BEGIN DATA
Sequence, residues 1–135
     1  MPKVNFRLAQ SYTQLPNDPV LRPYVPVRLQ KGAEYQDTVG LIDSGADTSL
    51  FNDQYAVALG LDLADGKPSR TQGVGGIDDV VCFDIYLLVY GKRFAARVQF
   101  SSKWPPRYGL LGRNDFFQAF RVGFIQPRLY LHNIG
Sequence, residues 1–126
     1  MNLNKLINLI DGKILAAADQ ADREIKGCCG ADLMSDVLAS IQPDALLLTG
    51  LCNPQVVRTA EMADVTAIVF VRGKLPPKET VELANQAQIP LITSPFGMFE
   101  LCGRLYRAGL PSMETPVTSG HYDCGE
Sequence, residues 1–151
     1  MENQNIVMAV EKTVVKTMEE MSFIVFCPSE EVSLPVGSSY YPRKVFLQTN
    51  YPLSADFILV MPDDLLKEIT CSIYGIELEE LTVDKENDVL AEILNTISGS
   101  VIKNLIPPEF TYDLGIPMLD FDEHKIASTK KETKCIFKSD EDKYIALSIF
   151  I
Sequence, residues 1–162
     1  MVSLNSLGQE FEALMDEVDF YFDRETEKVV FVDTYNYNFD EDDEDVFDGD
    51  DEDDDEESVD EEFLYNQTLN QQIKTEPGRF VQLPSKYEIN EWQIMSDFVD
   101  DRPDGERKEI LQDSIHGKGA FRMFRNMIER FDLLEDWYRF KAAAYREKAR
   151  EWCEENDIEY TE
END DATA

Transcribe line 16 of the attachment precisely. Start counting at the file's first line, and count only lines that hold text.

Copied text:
    51  DEDDDEESVD EEFLYNQTLN QQIKTEPGRF VQLPSKYEIN EWQIMSDFVD